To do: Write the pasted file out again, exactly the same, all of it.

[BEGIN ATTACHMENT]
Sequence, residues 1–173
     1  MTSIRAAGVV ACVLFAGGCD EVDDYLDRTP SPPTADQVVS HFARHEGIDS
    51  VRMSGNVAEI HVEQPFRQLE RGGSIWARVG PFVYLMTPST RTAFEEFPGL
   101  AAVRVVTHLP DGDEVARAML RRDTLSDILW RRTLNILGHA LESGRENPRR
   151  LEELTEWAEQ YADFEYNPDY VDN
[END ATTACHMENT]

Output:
Sequence, residues 1–173
     1  MTSIRAAGVV ACVLFAGGCD EVDDYLDRTP SPPTADQVVS HFARHEGIDS
    51  VRMSGNVAEI HVEQPFRQLE RGGSIWARVG PFVYLMTPST RTAFEEFPGL
   101  AAVRVVTHLP DGDEVARAML RRDTLSDILW RRTLNILGHA LESGRENPRR
   151  LEELTEWAEQ YADFEYNPDY VDN